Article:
Adjustments ahead: Ag banking in changing economy topic of conference
Riverton – On May 18-19, bankers and lenders from around the state gathered for the Wyoming Bankers Association Agricultural Bankers Conference.
In addition to discussions on management tools, current market trends and other topics, the conference featured a presentation by John Blanchfield of Agricultural Banking Advisory Services who spoke on agricultural banking in the post farm boom economy.
As hearings begin for the 2018 Farm Bill, Blanchfield noted that House Ag Committee Chairman Mike Conaway (R-Texas) has stated the farm bill will be delivered on time and under budget.
“The last time a farm bill was delivered on time was 2002,” said Blanchfield.
He continued, “For those who are currently receiving either Agriculture Risk Coverage or Price Loss Coverage, that’s supposed to all end in October of 2018, but the last farm bill went two years longer. You should be prepared for an extended period of wrangling and fighting.”
Ranking member Collin Peterson (D-Minn.) has also asserted that the Conservation Reserve Program needs to increase.
While many of the changes under discussion for the farm bill don’t have a large direct impact on Wyoming, Blanchfield noted that it still is a spillover effect for economies in Wyoming, Idaho and Montana.
According to Blanchfield, crop insurance has become an integral part of the farm bill.
“It’s the cornerstone of the farm safety net,” he said.
He cautioned that 80 percent of crop insurance is subsidized by the government, and some adjustments will be made to the price of crop insurance going forward.
“We need to get the word out because many farmers are not prepared for that, especially in these tight times,” commented Blanchfield.
“The farm bill paid out big in 2016, especially in corn country and bean country,” said Blanchfield.
While there will still be considerable pay outs in 2017, he noted that 2018 will be drastically different.
“2018 will be the year the cheese binds because it’s not going to pay out much of anything, if anything,” he continued.
In 2016, the farm bill paid out $7.8 billion, with Wyoming receiving $4.5 million.
“USDA has already projected that farm bill payments are going to go down by four percent this year,” commented Blanchfield.
Blanchfield stressed that it’s not because the market is better but rather because of use of the Olympic average, where the high and low commodity prices are not used.
Looking back at the last 15 years in agriculture, Blanchfield noted there were certain factors that resulted in the agriculture boom that can’t be counted on the future.
“This goes to my theory that what we’re seeing today is a heck of a lot more like what we’re going to see in the future versus what we saw in the past,” he said.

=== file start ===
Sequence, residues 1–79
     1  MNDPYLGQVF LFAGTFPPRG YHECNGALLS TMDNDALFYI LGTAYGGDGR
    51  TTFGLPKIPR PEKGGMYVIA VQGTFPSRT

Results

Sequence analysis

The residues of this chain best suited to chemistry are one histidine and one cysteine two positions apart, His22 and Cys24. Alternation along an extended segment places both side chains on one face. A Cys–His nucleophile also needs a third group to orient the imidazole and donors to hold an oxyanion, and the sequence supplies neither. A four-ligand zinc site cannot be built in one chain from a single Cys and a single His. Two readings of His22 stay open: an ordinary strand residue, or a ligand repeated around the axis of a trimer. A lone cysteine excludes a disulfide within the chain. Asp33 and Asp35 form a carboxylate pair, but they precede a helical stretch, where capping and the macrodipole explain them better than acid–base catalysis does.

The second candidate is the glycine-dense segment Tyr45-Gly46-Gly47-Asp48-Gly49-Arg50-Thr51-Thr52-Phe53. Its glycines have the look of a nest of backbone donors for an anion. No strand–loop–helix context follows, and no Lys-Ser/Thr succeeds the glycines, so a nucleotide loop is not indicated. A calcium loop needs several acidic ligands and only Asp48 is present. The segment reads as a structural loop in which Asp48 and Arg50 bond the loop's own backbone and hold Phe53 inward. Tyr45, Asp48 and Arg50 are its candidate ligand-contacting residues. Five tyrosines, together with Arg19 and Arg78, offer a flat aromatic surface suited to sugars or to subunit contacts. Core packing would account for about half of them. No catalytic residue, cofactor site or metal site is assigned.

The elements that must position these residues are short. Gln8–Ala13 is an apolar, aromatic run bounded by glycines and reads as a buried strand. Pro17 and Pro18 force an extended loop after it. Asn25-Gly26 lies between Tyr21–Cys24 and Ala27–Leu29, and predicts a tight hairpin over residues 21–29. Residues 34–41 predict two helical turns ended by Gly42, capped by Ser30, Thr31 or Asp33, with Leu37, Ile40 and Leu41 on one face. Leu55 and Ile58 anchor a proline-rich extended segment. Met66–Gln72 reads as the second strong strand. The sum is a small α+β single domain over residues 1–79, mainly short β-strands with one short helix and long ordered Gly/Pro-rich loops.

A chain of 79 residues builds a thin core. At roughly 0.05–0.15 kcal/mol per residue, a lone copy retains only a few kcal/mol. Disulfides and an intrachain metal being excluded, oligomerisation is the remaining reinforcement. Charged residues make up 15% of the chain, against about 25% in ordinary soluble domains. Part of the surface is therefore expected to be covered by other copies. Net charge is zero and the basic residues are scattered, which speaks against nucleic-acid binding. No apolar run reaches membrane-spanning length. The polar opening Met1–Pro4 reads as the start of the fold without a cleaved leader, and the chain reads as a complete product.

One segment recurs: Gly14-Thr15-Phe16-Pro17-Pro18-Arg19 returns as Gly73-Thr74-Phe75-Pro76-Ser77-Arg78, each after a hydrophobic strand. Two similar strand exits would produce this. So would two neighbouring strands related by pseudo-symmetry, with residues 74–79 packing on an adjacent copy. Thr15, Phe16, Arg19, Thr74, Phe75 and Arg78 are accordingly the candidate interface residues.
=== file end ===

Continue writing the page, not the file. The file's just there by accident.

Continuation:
One factor Blanchfield cited was the rise of ethanol, with 40 percent of U.S. corn production going to ethanol production.
“We’re exporting ethanol now. We’re the Saudi Arabia of ethanol now. Is that going to give us a boost going forward? I don’t think so,” commented Blanchfield.
Another pivotal factor for agriculture success has been trade agreements.
“We’re going to renegotiate the North American Free Trade Agreement. Is it going to be a great win for the United States? That’s what we’ve been told, but are we going to get that? I don’t know,” he continued.
Blanchfield also cited the rise of China and other emerging countries, as well as the improved flow of information to create a world-wide consuming audience over the last two decades.
“I may be wrong on this, but I don’t see a big leap forward of the next generation of countries right now,” he asserted.
Looking at 2017, Blanchfield predicted the farm economy will be flat.
A major concern for both producers and ag lenders is that farmer liquidity is weakening and farm debt is increasing.
“We’re probably going to lose one-third of our young farmers, and one in five wheat, cotton, poultry and hog farmers are highly leveraged,” he said, noting that highly leveraged means a debt to asset ratio greater than 40 percent.
“These numbers are getting to be kind of scary, and I think this is going to be the new normal,” commented Blanchfield.
According to Blanchfield, there have been major demands on Flexible Spending Account (FSA) funding.
“Every year going forward, FSA is going to run out of money until this farm economy changes in some way,” he concluded. “Who gets the money? The ones who can get the loans approved the fastest.”
Emilee Gibb is editor of Wyoming Livestock Roundup and can be reached at firstname.lastname@example.org.